If you want to help, you can in meantime investigate (maybe you already did) why looping in Minimongo does not work as expected. So we all agree that if one document is inserted in the middle, we would want only that DOM element to be added there and this is it. Why is this not happening? Could
It would be great if we would have example instrumented app to all look into and use as a baseline.
Thanks @mitar, I was only asking as it was left in limbo on the forum https://forums.meteor.com/t/community-involvement-setup/29538/15
Essentially our goal was not incremental DOM per se, it was to improve rendering and avoid wasted calls to DOM. I don't think our solution is optimal, but it is very good with the constraints around it.
Look forward to you completing your review, in the mean time, I'll try to see if I can invest time in this:
It's likely a Tracker / diff issue (something MDG seems to have known about, and so have you)
As far as urgency, there is a message to the community: "Blaze is getting love and it's getting better!"
This could be a temporary fix.
No, this is not what is known. It is known that if a document for a particular entry changes at all, that one will be rerun completely, because default equality for data context is conservative. But this for insertion is something new, at least to me. And is not how it was documented in the past. So if this is happening, I would see this as a bug, maybe even regression. And I would like to know where it is coming from. It should work both for arrays with
What I think we have to get to is:
I think nobody in Meteor community expects "be quick and break things" approach to development. In any case, I do not see that as a good reason to not do things properly. I have also not seen 1000 upvotes or comments to quickly merge on this pull request, so I do not see any urgency from others either.
I know that when you make a pull request you feel amazing and would love to get things merged. But again, when you make a pull request which was not discussed before, then you have to take responsibility to hold your own horses. This is on you.
Yes, this is why I am proposing that we do comparison with previous value of HTMLJS for that object. So instead of converting to DOM elements, we compare HTMLJS itself. And only apply those changes which we find different between HTMLJS values.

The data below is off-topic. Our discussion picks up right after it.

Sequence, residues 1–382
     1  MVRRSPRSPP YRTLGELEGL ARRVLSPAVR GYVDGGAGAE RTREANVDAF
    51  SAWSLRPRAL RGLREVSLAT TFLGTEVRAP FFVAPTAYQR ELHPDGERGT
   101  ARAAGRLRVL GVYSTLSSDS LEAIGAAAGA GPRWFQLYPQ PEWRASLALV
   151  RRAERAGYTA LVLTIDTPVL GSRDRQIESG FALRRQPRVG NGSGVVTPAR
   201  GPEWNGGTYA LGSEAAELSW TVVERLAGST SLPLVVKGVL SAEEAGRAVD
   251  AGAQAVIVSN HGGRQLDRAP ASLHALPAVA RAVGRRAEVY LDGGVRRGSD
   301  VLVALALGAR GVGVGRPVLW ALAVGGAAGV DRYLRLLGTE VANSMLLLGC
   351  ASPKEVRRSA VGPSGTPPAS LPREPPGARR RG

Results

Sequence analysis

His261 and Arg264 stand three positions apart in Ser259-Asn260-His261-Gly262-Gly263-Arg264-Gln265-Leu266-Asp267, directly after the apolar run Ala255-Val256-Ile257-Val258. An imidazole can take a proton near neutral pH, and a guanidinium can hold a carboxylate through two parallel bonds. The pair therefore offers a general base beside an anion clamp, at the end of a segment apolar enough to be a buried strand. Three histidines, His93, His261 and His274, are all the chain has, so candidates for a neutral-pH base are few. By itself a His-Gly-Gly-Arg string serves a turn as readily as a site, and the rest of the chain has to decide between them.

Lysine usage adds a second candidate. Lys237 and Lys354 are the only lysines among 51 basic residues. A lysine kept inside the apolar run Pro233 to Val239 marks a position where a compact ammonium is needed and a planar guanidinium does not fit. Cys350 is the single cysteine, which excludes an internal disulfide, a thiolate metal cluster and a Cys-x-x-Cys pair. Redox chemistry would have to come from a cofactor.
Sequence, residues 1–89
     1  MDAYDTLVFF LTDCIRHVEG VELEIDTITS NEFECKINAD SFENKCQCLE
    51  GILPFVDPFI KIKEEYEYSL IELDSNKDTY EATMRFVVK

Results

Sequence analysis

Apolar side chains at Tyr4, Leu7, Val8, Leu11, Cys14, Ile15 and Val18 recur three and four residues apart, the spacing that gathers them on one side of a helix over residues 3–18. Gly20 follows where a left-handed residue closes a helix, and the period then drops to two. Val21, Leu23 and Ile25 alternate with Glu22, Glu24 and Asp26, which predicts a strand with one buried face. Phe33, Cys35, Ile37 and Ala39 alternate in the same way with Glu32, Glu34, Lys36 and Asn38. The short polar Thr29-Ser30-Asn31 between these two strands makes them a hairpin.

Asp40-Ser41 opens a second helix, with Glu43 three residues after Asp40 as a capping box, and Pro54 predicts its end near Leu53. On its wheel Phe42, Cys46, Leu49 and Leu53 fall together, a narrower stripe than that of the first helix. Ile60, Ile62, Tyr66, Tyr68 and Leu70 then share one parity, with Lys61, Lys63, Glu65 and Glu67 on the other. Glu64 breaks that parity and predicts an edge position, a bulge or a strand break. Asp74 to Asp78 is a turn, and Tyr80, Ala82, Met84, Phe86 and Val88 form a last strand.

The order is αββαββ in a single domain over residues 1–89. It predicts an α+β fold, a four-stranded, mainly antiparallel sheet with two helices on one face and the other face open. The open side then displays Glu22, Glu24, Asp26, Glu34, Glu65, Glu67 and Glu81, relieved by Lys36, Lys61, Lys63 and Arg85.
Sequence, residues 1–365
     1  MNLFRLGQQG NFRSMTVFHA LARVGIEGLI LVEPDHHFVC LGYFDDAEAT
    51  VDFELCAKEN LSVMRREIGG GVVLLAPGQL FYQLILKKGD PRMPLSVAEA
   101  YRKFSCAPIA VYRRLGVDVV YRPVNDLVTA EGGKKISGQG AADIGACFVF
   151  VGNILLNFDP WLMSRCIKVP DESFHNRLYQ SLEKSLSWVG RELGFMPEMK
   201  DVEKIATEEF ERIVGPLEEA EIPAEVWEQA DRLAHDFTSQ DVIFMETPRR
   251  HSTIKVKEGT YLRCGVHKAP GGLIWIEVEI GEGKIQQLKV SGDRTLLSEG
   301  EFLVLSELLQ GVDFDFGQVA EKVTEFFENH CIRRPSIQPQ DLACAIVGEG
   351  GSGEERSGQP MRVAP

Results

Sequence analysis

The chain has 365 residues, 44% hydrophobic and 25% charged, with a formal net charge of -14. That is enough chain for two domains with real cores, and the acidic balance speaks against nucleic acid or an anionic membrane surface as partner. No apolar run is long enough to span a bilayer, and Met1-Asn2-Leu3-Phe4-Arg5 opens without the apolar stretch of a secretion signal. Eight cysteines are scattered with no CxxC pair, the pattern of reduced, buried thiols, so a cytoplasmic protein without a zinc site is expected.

Again, this is what I am saying that could be an interesting optimization which would work similar to virtual DOM, now that you investigated incremental DOM and are saying that it is not a good match.
And I agree that we should also optimize the whole pipeline for Tracker recomputations as well. But now imagine that we can make DOM rendering faster without Tracker recomputations optimization. Then when we have both, so great!
No, this is a very simple change, for this particular approach to materializing with comparing HTMLJS, because you are interested in this. Or was.
It would still be great if we can solve the issue there as well. I do not think we should worry too much about pull requests not getting in, they are pretty efficient on merging pull requests recently. And even if it goes late on, it goes. But somebody has to make, to even go in at all.
(I wanted to make this an inline reply to a inline comment, but I am realizing it is pretty valuable, so I am moving it top-level.)
Yes, sorry about that. I understood something else under "data level". For me this is more data context level, which has its own issues. Sorry for misunderstanding.
Maybe we should define terminology here better. To my knowledge we have issues at:
Did I miss anything?
We have an App that affects the DOM directly and had no issues. I think it has to do with carefully managing collisions. We do not with JS affect anything that is handled by Blaze. If that separation is done, we're good
Right! So the first one has to do with the diff-ing algorithm in the compare-sequence lib you had talked about before. This is where the real fix should be applied, unless it breaks something else (is this used by Tracker?)
The second is where I believe we have a lot of savings. We don't build DOM elements to diff against DOM. This is bad design. We should always diff raw data, not display layer. This is what makes Blaze fast (like VirtualDOM) and is the reason Incremental DOM is slower than Virtual DOM.
Edit: And given so many unchanged objects can be fed through, that DOM element creation for diffing is really problematic
Oh, maybe I do know about history, but about internals we are all learning. I think you looked much deeper than I ever did in details of rendering itself. So we are all learning here.
Yes, me too. Or you leave to Blaze, or you use something else. But do not mix. :-)
But I have not been able to reproduce it so that I could look what is happening.
But I was using Minimongo and not arrays directly.
Yes, but I could not really find where diffing is done. I have found diffing for attributes, but for DOM it seems like Blaze simply removes old element and adds a new one, when something changes. It does not try to diff and patch the old one?
added a commit
this pull request
Dec 31, 2016
Based on this pull request, I made a change in e17991a, which prevents unnecessary materialization of DOM. This is what I have able to make a reproduction myself. For the other part, checking a change in data layer I have not been able to make a reproduction.
I am closing this pull request. If we find a good reproduction for that other case, we could look into optimizing that as well.
For more ideas how to optimize Blaze see #111.
Beautiful @mitar! Thanks!
@arggh, we caught this as we outputted to the console every re-render. This can improve performance dramatically by skipping DOM manipulation if we have a very dynamic page. I am guessing this change is going to be very noticeable for a lot of people. Look forward to your benchmark.
There is also room for improvement in the actual diffing but that's a bigger job.
One more thing. I was unable to get to